(This column appeared originally in the November-December 1996 issue of American Scientist.)
Reapportionment and redistricting are vexing problems of meta-politics. They are "meta" issues because they concern the rules of the political process itself—the way the teams are chosen. In the American political system, a decision about reapportionment and redistricting helps determine who will make all other decisions for the next 10 years. It's no surprise, then, that disputes over these matters have often been rancorous. The first Presidential veto in American history (handed down by Washington in 1792) rejected a Congressional reapportionment plan. By the 1920s the reapportionment issue had become so contentious that the decade ended before Congress could agree on a new formula. More recently, hundreds of redistricting plans have been challenged in court; two Supreme Court decisions last summer invalidated Congressional districts in North Carolina and Texas.
This history of bitter conflict prompts speculation on the meta-meta-political question of how best to resolve meta- political questions. In particular: Would it be feasible to take the process out of politics—indeed to take it out of human hands altogether? The answer is surely yes. Computer programs could readily draw legislative districts. Drawing good districts, however, is a more challenging assignment. And harder still would be persuading the legal and political establishment to give up control of the process and accept an algorithmic solution.
Whether or not computerized redistricting would make for good government, it offers some interesting exercises in mathematics and computer science. Algorithms for redistricting exploit techniques from computational geometry, graph theory, combinatorics and optimization methods. Even if such algorithms are never embodied in law, perhaps they can suggest some ideas that would be useful in a more conventional approach to redistricting.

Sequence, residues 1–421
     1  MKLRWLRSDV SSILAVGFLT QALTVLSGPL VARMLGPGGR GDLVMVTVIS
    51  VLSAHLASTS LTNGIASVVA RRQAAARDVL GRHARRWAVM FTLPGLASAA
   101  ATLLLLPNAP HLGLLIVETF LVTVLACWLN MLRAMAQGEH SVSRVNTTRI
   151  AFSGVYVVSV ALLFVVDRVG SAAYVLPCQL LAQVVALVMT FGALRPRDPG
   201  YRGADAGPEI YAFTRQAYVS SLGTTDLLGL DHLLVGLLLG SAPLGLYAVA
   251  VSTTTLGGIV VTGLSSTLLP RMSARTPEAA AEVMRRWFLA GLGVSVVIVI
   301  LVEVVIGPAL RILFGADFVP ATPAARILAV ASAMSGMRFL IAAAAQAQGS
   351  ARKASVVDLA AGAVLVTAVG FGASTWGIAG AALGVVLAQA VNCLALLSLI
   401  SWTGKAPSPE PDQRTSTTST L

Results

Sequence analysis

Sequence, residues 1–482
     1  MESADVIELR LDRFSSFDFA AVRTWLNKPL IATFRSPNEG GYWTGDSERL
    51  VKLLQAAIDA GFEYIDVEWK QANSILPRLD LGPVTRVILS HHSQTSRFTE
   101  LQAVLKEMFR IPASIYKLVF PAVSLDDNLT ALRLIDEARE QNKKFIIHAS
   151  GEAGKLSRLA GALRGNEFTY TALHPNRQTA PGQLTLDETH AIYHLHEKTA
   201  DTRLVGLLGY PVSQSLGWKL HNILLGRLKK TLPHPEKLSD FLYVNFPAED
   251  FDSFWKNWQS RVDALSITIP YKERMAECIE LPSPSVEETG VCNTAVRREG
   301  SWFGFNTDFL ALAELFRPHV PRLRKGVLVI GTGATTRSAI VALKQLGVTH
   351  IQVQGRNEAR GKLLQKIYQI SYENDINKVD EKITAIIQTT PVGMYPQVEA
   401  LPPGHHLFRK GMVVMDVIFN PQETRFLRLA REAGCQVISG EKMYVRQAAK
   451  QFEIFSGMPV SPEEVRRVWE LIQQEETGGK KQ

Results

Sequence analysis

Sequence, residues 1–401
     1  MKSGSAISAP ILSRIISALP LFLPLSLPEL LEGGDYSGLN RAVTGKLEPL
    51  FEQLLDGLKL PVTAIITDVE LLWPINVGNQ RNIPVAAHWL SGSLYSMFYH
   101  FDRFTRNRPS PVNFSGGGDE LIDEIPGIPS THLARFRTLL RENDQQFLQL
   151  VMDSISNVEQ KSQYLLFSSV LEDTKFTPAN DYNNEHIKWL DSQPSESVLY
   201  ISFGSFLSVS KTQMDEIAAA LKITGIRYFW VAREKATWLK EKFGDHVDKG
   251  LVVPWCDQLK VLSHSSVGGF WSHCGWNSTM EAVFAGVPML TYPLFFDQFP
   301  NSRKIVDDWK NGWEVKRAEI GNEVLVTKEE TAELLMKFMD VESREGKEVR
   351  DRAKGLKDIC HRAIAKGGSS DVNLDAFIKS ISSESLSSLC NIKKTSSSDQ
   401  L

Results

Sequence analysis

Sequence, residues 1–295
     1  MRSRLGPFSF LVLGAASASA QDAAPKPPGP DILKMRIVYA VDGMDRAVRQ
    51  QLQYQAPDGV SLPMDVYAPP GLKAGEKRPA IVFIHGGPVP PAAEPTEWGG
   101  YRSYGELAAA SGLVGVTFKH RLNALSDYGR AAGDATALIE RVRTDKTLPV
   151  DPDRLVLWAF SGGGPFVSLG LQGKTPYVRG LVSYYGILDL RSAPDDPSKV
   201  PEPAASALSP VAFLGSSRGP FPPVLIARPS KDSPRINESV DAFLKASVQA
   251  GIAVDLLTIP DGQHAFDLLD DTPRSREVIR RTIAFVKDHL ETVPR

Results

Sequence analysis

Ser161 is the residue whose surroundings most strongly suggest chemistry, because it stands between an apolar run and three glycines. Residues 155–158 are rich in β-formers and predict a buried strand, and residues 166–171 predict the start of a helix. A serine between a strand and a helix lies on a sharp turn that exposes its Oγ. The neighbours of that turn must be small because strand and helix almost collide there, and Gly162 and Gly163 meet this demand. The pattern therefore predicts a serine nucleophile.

Remaking the House
The U.S. House of Representatives reconstitutes itself every 10 years in a two-part process. The first part is reapportionment, in which each state is allotted its share of representatives. This is a purely arithmetical operation, and at first it appears quite simple. Each state's share of the seats in the House is proportional to its share of the total population, as enumerated in the decennial census. But representatives come only in integer units, and so some rounding of numbers is needed. That's where the trouble lies. There are many schemes for rounding, some of which favor the larger states and some the smaller.
From 1790 until 1940, reapportionment was a reliable source of Congressional acrimony every 10 years. Since 1941, remarkably, it has become a nonissue. What made the difference was writing an algorithm into the law and thereby making the reapportionment process automatic. Once the census returns are in, the allocation of seats to states is immediately determined just by cranking the numbers through the algorithm. There is no room for human judgment or discretion. As it happens, the algorithm chosen is probably not the best one for the purpose, but no major faction has been sufficiently disgruntled to mount a serious challenge. This absence of discord is perhaps the one bit of empirical evidence suggesting that algorithmic methods might really have something to offer to political science.
The second part of the decennial legislative makeover is redistricting. Once a state learns that it will have k seats in Congress, it must divide its territory into k districts, each of which will elect one member. This is not an arithmetic procedure but a geometric one, and it is severely underconstrained. For any k > 1, there are many, many ways of drawing lines on the map to create k districts. This superabundance of solutions is an invitation to political (or meta-political) mischief.